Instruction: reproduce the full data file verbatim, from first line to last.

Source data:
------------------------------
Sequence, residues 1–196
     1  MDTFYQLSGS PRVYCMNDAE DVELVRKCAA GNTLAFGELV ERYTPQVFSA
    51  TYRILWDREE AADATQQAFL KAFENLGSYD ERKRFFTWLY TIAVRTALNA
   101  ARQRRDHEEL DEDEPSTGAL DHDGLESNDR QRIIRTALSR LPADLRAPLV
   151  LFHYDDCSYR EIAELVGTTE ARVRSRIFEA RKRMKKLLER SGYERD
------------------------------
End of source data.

Sequence, residues 1–196
     1  MDTFYQLSGS PRVYCMNDAE DVELVRKCAA GNTLAFGELV ERYTPQVFSA
    51  TYRILWDREE AADATQQAFL KAFENLGSYD ERKRFFTWLY TIAVRTALNA
   101  ARQRRDHEEL DEDEPSTGAL DHDGLESNDR QRIIRTALSR LPADLRAPLV
   151  LFHYDDCSYR EIAELVGTTE ARVRSRIFEA RKRMKKLLER SGYERD